The Jakarta Post
Actor Nicholas Saputra speaks to the press during the launch of the Save Our Forest Giants documentary in Jakarta on Sunday. (JP/Masajeng Rahmiasri)
Some say the first step to create a change or solution is to make people aware of the issue. That is what Nicholas Saputra tries to do with the Save Our Forest Giants documentary. Through the project, he and the European Union delegation to Indonesia aim to raise awareness of endangered species, particularly elephants.
The actor, who is famous for his roles in Ada Apa Dengan Cinta and Gie, recently shared his story about the documentary with The Jakarta Post.
What moved you to take part in this documentary?
I started to get involved with the elephants and the ecosystem in 2005, when I went to Tangkahan [in North Sumatra] for the first time to see the animals and witness the issue for myself. Since then, I've traveled around Mount Leuser National Park, as well as the Leuser Ecosystem. So, to be part of this [documentary] is an honor for me. I’ve seen so many issues, problems and challenges the environment has to face, so to get involved and share the awareness is part of my responsibility.
Do you have any special or personal connection to Tangkahan?
I think Tangkahan is a very important and interesting place. Once it was a village of illegal loggers, but then Wahdi and friends started to bring the elephants and now it is changing into an ecotourism destination. Now the people who were illegal loggers or [had the] potential to become illegal loggers have become tour guides and work for the ecotourism project; they are now like the number one protectors of the forest. It’s very important and I think it can be an example to other places in Indonesia. They can see ecotourism as another potential source of income that they can make out of their environment.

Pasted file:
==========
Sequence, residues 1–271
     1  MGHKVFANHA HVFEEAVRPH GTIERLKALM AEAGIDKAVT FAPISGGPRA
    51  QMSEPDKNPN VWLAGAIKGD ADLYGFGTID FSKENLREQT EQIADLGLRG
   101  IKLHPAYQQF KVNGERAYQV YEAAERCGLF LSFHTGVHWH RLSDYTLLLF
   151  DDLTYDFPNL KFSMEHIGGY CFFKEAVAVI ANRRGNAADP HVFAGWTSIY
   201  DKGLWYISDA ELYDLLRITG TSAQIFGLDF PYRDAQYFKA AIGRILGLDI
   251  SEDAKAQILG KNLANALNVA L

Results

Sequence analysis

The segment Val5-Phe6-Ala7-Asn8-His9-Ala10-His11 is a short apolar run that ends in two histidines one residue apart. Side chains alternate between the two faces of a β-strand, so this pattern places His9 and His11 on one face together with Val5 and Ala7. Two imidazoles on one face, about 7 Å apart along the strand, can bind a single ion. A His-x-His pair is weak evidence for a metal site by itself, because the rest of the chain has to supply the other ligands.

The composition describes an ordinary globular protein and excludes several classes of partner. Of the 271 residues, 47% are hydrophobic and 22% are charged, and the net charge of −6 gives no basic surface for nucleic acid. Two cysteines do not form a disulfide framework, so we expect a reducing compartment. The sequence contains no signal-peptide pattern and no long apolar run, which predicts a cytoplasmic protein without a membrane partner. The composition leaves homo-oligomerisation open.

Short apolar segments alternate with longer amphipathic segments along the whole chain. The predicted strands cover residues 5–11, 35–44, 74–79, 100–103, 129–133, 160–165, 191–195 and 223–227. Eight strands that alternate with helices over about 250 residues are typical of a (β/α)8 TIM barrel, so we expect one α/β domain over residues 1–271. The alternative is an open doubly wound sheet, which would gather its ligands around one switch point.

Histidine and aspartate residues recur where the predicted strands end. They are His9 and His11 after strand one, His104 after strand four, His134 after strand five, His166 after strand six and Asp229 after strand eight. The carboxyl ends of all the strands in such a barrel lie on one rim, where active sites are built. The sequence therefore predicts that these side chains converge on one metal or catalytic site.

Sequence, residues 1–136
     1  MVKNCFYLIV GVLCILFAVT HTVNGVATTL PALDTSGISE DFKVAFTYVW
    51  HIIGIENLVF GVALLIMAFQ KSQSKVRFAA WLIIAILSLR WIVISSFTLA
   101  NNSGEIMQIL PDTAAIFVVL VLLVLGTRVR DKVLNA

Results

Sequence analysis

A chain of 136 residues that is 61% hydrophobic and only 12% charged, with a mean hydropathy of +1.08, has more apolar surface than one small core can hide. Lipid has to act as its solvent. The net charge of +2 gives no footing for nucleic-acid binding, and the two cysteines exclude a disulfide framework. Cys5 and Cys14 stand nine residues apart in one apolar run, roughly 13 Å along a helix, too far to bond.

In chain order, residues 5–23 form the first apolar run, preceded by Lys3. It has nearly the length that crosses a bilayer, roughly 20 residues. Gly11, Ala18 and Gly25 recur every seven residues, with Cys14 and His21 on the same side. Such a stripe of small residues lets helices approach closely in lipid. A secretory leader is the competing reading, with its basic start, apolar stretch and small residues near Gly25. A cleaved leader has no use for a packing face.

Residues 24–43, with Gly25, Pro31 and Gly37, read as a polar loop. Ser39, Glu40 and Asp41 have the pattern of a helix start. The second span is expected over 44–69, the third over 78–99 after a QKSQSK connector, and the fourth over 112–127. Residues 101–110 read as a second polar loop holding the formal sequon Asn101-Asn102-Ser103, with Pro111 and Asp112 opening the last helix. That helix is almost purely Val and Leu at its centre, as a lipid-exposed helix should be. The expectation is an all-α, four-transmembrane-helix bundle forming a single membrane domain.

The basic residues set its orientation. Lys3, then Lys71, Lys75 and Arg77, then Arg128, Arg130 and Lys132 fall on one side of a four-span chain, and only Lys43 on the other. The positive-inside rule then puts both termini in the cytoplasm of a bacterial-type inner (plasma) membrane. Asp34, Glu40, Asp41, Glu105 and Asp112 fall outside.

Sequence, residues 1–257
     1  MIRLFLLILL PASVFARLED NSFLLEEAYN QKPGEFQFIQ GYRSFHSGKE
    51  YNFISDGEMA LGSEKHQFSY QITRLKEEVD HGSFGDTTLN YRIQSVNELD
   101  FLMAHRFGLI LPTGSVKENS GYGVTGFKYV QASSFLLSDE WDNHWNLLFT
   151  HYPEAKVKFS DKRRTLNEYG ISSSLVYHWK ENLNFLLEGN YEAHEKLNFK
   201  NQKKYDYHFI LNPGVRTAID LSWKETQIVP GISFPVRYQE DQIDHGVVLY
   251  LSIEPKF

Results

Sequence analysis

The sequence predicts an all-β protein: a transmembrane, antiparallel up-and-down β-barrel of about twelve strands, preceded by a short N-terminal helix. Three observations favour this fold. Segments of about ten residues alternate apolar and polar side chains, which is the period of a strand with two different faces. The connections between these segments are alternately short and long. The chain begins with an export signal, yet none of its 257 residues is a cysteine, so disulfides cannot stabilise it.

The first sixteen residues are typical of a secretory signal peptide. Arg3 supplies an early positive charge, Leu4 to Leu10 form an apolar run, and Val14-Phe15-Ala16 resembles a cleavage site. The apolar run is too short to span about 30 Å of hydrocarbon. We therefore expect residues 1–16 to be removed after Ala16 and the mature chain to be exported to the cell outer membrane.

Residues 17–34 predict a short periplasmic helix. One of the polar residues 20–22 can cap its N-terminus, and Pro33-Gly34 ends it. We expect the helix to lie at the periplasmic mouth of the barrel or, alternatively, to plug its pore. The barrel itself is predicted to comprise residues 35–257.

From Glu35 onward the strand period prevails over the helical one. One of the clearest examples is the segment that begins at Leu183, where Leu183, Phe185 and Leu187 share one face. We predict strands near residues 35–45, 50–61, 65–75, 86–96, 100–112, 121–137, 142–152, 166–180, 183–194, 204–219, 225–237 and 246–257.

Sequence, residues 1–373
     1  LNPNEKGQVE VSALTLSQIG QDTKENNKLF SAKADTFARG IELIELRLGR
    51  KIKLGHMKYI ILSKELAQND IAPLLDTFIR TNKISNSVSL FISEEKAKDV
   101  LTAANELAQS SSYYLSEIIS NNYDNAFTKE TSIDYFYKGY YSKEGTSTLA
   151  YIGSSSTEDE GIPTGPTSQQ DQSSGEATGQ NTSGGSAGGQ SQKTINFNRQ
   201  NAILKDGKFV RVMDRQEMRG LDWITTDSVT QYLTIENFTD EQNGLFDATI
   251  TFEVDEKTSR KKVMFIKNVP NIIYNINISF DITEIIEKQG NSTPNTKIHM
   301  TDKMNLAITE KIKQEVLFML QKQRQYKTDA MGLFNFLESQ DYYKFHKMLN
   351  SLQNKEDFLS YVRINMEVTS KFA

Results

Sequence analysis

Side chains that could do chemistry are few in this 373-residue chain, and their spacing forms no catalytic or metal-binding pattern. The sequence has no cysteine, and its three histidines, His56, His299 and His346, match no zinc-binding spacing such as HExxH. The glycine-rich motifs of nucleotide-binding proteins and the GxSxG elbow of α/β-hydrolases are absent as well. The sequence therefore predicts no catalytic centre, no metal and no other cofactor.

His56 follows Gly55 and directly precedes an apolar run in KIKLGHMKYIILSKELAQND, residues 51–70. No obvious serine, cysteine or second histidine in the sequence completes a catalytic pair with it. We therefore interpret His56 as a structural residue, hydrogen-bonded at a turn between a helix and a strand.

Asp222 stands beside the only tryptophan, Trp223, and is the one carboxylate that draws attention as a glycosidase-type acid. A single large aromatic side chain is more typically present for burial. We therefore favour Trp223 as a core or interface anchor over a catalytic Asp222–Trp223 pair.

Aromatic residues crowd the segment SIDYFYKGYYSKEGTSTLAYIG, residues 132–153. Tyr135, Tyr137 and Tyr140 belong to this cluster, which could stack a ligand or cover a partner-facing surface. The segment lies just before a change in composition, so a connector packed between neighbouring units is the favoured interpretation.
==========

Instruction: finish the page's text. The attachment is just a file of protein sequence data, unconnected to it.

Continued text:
You have been familiar with Tangkahan for a long time now. How did you feel when the elephants died from a virus in just a few hours?
It was actually heartbreaking. I knew them from when they were still very young and delicate. It was not only my relationship with the elephants, but I imagine how the mahouts must have felt about them as they took care of the baby elephants every day. They bathed them, they trained them, they interacted with them every day. It’s like losing someone in the family, so it’s so sad and heartbreaking.
What is the message that you hope to convey through this documentary?
I just want to share my awareness about the elephants and their environment. I think by loving them, by knowing them a little bit more, we can do something about the ecosystem according to our capability, knowledge and opportunity, but I think the most important thing is that we have to care and discover more about them. The more we know, the more we love them, the more we’re going to protect them. (kes)